“What we usually do with shoes is already protective. We don’t put our shoes on the kitchen table. We don’t put shoes in our mouths. They aren’t high touch areas. So, our daily patterns already reflect our management of shoes as dirty objects,” said Jordan.
But you can take additional safety measures to ensure that contaminants don’t enter your home, by cleaning off your shoes and either leaving them at the door or by creating a designated area safely away from social areas of your home to leave shoes and other outerwear.
“Taking off your shoes and cleaning them before you enter your home (and leaving them in your garage, washroom, or porch) would also be advisable. This will prevent you from introducing virus into your home from a simple trip to the grocery store. Just make sure you clean them outside your home or apartment, and let them dry naturally,” Dr. Robert Glatter, an emergency physician at Lenox Hill Hospital in New York City, told Healthline.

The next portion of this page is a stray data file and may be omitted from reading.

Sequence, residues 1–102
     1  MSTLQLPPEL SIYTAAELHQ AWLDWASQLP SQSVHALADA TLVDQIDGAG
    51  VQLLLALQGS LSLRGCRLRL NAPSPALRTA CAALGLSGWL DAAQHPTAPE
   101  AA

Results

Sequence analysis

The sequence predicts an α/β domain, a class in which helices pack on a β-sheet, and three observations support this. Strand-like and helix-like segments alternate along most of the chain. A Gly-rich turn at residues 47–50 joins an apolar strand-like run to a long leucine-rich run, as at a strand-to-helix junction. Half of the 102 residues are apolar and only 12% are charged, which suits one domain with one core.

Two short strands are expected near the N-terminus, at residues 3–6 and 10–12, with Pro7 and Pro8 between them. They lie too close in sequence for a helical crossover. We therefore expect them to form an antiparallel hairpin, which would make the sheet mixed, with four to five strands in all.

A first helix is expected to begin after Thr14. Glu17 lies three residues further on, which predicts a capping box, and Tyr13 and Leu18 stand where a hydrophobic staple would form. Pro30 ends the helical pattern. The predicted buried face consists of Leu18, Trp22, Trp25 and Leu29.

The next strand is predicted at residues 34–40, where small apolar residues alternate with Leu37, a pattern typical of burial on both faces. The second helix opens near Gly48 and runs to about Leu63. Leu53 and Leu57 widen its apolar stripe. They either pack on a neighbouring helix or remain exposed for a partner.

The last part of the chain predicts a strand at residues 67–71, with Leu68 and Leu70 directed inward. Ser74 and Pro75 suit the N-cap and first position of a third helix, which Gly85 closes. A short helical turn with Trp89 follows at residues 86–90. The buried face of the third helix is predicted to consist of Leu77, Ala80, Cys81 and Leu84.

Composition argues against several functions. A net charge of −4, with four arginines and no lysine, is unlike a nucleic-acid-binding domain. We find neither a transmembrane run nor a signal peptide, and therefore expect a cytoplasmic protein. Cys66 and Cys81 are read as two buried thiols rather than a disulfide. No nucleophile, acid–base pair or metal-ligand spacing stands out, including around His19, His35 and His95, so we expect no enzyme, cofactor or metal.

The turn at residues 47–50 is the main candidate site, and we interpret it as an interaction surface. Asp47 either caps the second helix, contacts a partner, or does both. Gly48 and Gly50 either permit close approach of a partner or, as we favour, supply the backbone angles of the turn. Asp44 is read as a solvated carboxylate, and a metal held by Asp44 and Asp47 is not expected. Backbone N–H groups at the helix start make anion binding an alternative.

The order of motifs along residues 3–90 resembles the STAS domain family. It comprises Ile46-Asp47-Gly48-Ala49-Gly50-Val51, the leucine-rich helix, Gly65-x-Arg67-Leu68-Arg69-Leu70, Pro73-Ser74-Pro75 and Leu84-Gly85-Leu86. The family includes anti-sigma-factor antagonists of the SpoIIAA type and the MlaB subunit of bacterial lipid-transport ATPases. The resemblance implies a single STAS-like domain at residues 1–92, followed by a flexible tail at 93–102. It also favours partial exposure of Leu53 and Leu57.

While concern has grown in recent weeks about the potential for different objects to transmit the virus, the simple fact is that direct transmission from person to person is still believed to be the primary form of exposure.
Therefore, continuing to maintain the CDC’s recommended prevention and hygiene tipsTrusted Source is still the best way to stay healthy.
“There is a minimal chance that [the novel coronavirus] can survive on your clothing or shoes and be transmitted to others. The bottom line is this: It’s person to person transmission, not clothing to person, or shoe to person transmission in any significant way,” said Glatter.